UN: “Seal the Deal” in Copenhagen
NewsNotes, July-August 2009
“The climate change crisis is the greatest humanitarian and development issue facing the world today.” These are words continuously repeated by Ban Ki-moon, Secretary General of the United Nations.
In keeping with this concern, the Secretary General has launched a major project to raise public awareness about climate change through the Copenhagen Seal the Deal campaign. This is a call to the governments of the world to agree this December, in Copenhagen, on a deal that will protect people and the planet from greenhouse gas emissions.
The campaign is being promoted by the UN Environmental Program (UNEP) through posters and a rubber stamp bearing the Seal the Deal slogan. The rubber stamp can be duplicated all over the world. Everywhere, groups of people are asked to assemble in order to stamp their approval for a global agreement for a climate change solution that is fair, effective and rooted in scientific information that is clear and unequivocal. Individuals, businesses, churches and community groups are stamping the slogan and fixing their signatures to simple homemade scrolls and posters designed for the occasion.
Wherever possible, people are asked to link this occasion with a tree planting activity. Every tree that is planted will count toward achieving the UN goal of planting seven billion trees by the end of 2009 in order to help ameliorate the effects of greenhouse emissions.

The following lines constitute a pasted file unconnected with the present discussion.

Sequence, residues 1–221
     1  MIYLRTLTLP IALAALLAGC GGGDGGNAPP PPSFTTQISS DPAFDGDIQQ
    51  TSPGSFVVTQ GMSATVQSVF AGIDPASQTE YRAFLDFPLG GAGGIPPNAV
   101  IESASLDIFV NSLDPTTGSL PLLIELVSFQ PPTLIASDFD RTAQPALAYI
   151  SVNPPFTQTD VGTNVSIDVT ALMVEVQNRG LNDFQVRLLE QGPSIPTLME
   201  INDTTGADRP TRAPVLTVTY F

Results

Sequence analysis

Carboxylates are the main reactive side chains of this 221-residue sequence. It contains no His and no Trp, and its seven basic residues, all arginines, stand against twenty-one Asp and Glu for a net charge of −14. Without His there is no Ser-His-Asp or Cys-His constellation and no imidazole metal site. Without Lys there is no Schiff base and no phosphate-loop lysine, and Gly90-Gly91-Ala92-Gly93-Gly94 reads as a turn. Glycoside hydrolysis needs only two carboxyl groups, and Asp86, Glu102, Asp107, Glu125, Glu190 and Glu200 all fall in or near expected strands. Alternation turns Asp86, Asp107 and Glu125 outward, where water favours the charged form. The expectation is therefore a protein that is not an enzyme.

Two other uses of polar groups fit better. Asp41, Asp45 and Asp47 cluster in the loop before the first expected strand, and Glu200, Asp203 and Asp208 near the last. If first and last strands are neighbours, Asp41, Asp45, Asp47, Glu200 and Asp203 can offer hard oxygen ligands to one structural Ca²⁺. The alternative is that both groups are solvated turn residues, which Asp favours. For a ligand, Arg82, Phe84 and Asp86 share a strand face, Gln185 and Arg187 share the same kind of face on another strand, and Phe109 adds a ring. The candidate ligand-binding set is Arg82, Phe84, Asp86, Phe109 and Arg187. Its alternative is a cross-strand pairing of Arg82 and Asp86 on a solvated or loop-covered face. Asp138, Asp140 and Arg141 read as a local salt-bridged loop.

While the Seal the Deal campaign was launched on World Environment Day, June 5, a good time for joining the campaign is during Climate Week, September 20-26, a week designated by the UN for gaining momentum in every corner of the world for Copenhagen. One can even join the campaign online at www.sealthedeal2009.org. Every voice counts.
The Secretary General is well aware that the upcoming agreement may fall short of what is actually needed for avoiding severe climatic changes. However, he believes that it is in the best interest of all to establish an agreement even if the agreement is weaker than it ought to be. He is tirelessly urging every nation to do what it can in order to protect its own long term interests and the interests of the entire planet. With this in mind, the Secretary has been contacting and personally visiting heads of state, heads of government agencies and members of parliaments, coaxing all to come to terms with the clear need to mitigate carbon emissions. Country negotiators need to participate in the December meetings knowing they are backed by government commitments.
Fundamental to the Copenhagen agreement is the call to nations that have been putting large quantities of carbon into the earth’s atmosphere over long periods of time to take the greatest responsibility to reduce the amounts of carbon through binding commitments. New heavy emitters, especially China, Brazil and India, require a different standard. In their case the concept of Nationally Appropriate Mitigating Actions (NOMAs) will be applied. These are commitments that are serious, verifiable and reported to the United Nations. However, they are not on the same level as the long term emitters and they are not binding. This arrangement appears to be gaining acceptance by the United States and other states that had formerly resisted a tiered system of responsibility.
The next challenge to the nations is assistance through funding, scientific information, and technology sharing for countries most threatened by climate change at the present time. These are located in Small Island States, Delta areas, Sub-Sahara Africa and communities near the polar extremities.